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The Issue

Cookware

Under pressure from EWG, companies stopped using Teflon and similar chemicals in non-stick pans. But little is known about the newer chemicals, so EWG still recommends stainless steel or cast iron cookware.

Highlights

EPA, DuPont Agree to Virtually Eliminate Perfluorinated Chemicals by 2015 Read More
Chemical in Food Packaging, Fabric Coatings Linked to Cancer Read More

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The Latest on Cookware

Friday, May 7, 2004

A new study presented at a meeting of the Society of Environmental Toxicologists and Chemists links the Teflon chemical C8 [also known as PFOA] to elevated cancer rates. Researchers found higher levels of prostate cancer in men and cervical and uterine cancer in women exposed to C8 than in the general population.

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EnviroBlog
Blog Post
Thursday, November 13, 2003

PFOA is used to make PTFE, the Teflon in pans. However, scientific evidence points to fluorotelomers as the main source of the PFOA and other perfluorinated chemicals in Americans' blood. That fluorotelomers on coated paper food packaging break down into PFOA and other chemicals is a separate problem from PTFE and cookware. This source of PFOA is one that DuPont cannot control by reducing emissions or impurities in its products.

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Reports & Consumer Guides
Thursday, July 10, 2003

EWG asks the CEOs of nine major fast food corporations to disclose the use of toxic nonstick chemicals in their packaging.

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News Release
Friday, June 6, 2003

EWG testifies at a EPA public meeting on teflon contamination, and charges DuPont repeatedly downplayed questions of the Teflon chemical’s toxicity.

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News Release
Wednesday, May 28, 2003

A series of studies published beginning in the 1950s shows that DuPont has known for at least 50 years that Teflon fumes at relatively low temperatures can cause an acute illness known as polymer fume fever. In several studies DuPont recruited human volunteers and intentionally exposed them to Teflon fumes to the point of illness. The results of these studies suggest that people cooking on Teflon and other non-stick pans may be at risk.

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Reports & Consumer Guides
Thursday, May 15, 2003

Telfon-coated cookware poses a hazard when it is heated to high temperatures. EWG tests show that in 2 to 5 minutes on a conventional stovetop, cookware coated with Teflon and other non-stick surfaces can exceed temperatures at which the coating breaks apart and emits toxic particles and gases linked to hundreds, perhaps thousands, of pet bird deaths and an unknown number of human illnesses each year.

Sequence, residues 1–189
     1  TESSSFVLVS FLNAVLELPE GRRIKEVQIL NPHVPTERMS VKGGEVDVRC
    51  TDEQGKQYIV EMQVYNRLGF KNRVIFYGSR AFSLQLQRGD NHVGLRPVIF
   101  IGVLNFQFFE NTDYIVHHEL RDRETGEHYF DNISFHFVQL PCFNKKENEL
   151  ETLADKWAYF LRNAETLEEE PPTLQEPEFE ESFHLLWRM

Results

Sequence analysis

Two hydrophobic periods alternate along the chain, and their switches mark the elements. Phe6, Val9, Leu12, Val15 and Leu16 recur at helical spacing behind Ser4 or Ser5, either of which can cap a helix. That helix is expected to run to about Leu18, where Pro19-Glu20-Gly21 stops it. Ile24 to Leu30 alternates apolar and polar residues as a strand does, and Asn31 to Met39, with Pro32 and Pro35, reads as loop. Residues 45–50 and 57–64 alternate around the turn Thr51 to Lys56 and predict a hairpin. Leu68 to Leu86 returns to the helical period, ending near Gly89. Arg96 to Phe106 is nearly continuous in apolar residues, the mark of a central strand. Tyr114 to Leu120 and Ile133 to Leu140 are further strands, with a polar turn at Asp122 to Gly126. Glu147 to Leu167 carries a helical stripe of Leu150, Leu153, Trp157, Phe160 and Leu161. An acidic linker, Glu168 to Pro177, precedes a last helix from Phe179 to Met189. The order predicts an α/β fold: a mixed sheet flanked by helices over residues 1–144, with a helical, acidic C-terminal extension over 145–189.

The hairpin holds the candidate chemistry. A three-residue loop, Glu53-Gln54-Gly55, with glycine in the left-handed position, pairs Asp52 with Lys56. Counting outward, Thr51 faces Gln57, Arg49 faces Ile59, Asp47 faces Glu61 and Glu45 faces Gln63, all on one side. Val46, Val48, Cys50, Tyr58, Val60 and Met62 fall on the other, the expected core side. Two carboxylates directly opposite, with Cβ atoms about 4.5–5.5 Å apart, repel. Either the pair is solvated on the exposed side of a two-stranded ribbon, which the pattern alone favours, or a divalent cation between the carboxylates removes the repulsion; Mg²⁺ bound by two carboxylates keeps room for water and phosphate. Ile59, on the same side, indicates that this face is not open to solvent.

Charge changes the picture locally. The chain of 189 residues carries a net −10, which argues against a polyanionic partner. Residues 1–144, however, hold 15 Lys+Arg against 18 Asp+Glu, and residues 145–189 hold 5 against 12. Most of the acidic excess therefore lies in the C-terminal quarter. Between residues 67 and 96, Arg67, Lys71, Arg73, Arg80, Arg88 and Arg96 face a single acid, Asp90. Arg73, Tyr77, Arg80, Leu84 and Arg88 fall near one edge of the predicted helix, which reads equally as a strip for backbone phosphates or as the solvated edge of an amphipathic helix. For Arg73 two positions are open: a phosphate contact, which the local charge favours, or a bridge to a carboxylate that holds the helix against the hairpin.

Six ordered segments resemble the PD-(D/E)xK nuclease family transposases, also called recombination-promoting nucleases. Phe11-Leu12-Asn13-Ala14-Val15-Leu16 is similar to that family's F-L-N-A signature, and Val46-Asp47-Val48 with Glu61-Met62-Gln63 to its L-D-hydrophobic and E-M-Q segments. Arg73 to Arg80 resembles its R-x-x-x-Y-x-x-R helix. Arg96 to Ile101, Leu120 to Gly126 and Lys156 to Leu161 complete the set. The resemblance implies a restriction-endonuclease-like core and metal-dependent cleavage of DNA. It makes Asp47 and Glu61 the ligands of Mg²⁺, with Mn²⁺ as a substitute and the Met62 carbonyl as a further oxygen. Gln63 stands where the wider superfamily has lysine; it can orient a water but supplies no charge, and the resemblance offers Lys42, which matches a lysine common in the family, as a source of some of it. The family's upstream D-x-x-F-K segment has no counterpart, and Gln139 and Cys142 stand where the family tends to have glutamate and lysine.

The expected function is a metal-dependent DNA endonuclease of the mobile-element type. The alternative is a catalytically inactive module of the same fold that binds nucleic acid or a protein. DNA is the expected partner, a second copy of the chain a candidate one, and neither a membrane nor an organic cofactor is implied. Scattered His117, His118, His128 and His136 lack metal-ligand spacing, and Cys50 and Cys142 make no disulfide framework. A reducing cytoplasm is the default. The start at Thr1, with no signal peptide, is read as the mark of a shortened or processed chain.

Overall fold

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Reports & Consumer Guides
Friday, April 11, 2003

EWG alleged today that the DuPont chemical company has violated federal law by withholding from the government for the last 22 years a company study that detected a toxic, Teflon-related chemical in the umbilical cord blood of one infant born to a company worker, and in the blood of another worker’s baby.

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News Release
Friday, April 11, 2003

EWG asks EPA administrator Whitman to investigation apparent reporting violations by DuPont Chemical. EWG submits documentation that DuPont had determined that 2 of 7 babies born to Teflon-exposed female workers in the company's Parkersburg WV plant had facial birth defects. DuPont had not reported this information to EPA as required under Section 8(e) of the Toxic Substances Control Act.

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Testimonies & Official Correspondence
Thursday, April 3, 2003

Consumers instantly recognize them as household miracles of modern chemistry, a family of substances that keeps food from sticking to pots and pans, repels stains on furniture and rugs, and makes the rain roll off raincoats. But in the past 5 years, the multi-billion dollar “perfluorochemical” industry has emerged as a regulatory priority for scientists and officials at the U.S. Environmental Protection Agency.

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Reports & Consumer Guides
Friday, December 13, 2002

Secret tests conducted in 1984 by the DuPont chemical company found a Teflon-related contaminant (C8) in the tap water of the Little Hocking Water Association in Ohio, just across the river from the company’s Teflon plant in Parkersburg, West Virginia. But the company never told the community, its water utility or state regulators about the tap water testing program, which continued through at least 1989, or about the positive findings.

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Reports & Consumer Guides
Wednesday, November 13, 2002

A review of federal and industry science on the toxic industrial chemical commonly called C8 (perflouroctanoic acid, used to make Teflon) reveals that water pollution policy by the West Virginia Department of Environmental Protection (DEP) is far less protective than previous industry standards.

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Reports & Consumer Guides
Tuesday, November 12, 2002

"Contamination of drinking water supplies by the toxic industrial chemical perfluorooctanoic acid (PFOA, or C8) is a continuing concern to the residents of Parkersburg and surrounding areas of Wood County near the source of the pollution, DuPont’s manufacturing operation in Washington, West Virginia."

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Testimonies & Official Correspondence

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